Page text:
Healing Heritage: The impact of museums on health and wellbeing
12 December 2014
Research on how museum activities contribute to health and wellbeing in hospitals and care homes led to the development of a new wellbeing measure refined in partnership with 20 museums and other partners. It also influenced policy and funding considerations for heritage, and led to the development of a volunteer programme.
Hospitals and care homes are commonly known to be depressing environments and many people find it difficult to work through their own feelings about their situation. Indeed, the depression caused by a stay in hospital can even lead to longer recovery times and thus longer stays. It has long been known that using objects - such as museum artefacts - as a prompt for reminiscence or conversation can help reduce stress and improve general wellbeing. However, very little robust research had been done on this subject.
Dr Helen Chatterjee (UCL Genetics, Evolution and Environment), who is also Head of Research and Teaching at UCL Museums & Collections, leads a groundbreaking collaboration between health and cultural organisations which has, for the first time, conducted a systematic study of the therapeutic effects of museum engagement and developed a way of assessing its effects on patients' wellbeing.
Through the Heritage in Hospitals research project, the therapeutic role of museums and their collections was assessed in a clinical setting in 2008-2011. Over 300 patients in various hospital and care settings participated, and Dr Chatterjee's team identified highly significant improvements in positive emotions, wellbeing and happiness, and in patients' perceptions of their own health, and positive impacts on relationships among staff, patients and their carers. As one patient remarked, "I can't listen to pop music at the moment because it reminds me of certain situations that I'm in and having to deal with, whereas this sort of stuff gets you thinking, but because it's 5,000 years old… you can't be depressed by looking at a piece of Egyptian pottery, doesn't work that way."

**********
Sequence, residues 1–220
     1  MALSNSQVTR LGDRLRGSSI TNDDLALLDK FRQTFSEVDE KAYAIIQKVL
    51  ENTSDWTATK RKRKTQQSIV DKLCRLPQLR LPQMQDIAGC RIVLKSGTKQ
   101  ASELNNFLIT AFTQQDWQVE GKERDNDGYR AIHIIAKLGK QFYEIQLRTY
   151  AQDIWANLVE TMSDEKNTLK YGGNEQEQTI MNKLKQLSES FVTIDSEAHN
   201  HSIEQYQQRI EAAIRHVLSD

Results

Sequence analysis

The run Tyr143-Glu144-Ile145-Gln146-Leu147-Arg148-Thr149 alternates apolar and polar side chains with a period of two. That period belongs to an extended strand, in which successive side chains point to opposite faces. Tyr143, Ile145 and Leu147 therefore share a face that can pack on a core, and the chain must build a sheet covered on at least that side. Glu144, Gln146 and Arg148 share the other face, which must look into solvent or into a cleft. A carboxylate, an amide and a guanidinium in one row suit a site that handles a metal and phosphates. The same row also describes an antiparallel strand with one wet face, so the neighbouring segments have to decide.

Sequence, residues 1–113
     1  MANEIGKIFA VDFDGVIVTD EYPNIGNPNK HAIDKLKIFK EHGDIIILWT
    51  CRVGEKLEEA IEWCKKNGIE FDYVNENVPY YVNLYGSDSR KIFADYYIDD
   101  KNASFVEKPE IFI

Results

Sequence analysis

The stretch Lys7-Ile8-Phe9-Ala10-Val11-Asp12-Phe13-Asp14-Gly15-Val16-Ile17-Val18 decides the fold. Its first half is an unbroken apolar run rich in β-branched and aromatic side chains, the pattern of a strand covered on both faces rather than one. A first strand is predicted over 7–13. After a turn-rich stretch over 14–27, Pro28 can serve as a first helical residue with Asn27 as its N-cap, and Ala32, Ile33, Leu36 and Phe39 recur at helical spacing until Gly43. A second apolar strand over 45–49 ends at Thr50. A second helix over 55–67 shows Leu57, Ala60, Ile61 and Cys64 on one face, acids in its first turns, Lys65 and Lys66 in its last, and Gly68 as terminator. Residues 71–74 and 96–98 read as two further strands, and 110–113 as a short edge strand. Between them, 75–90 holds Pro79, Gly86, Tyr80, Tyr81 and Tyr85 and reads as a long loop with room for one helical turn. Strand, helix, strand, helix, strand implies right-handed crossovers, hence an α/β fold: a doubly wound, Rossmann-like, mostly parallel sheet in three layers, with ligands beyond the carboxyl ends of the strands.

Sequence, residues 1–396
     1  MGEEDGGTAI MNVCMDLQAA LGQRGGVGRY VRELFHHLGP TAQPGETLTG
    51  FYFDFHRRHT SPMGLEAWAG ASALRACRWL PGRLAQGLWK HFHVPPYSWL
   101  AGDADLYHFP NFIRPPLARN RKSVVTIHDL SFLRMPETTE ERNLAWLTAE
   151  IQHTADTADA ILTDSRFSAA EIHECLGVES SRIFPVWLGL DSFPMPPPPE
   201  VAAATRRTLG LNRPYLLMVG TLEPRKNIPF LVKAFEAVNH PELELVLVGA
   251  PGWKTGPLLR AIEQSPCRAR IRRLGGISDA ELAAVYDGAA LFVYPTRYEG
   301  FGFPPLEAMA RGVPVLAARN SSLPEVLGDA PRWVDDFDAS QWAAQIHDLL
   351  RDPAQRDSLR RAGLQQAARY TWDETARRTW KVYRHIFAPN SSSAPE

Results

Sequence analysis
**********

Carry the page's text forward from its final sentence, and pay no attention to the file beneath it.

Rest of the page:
This was followed by a collaboration between 20 museums and other organisations (including the British Museum, and the Worcester Infirmary Museum) to develop a new measure which museum staff now use to assess the effect on wellbeing of participation in museum activities, and to train volunteers in object-handling.
As the first rigorous study of the therapeutic benefits of museum activities, Dr Chatterjee's research has made an invaluable contribution to policy debates on arts and health. It has helped raise awareness of the role culture, and specifically museums, play in society, and offered a compelling argument for supporting arts and humanities funding in this area.
Funders included the AHRC and the Heritage Lottery Fund.
Seeing people interact, discuss and have interests in new things is just amazing. [The staff] are more motivated and interested in the work they do. - Staff member, disability care centre
- UCL Touch and Wellbeing
- UCL Museum Wellbeing Measures Kit
- Touching Heritage volunteer programme
- Museums on Prescription
- Hospital patient handling a museum object. Copyright UCL.
- Care home resident handling a museum object. Copyright UCL.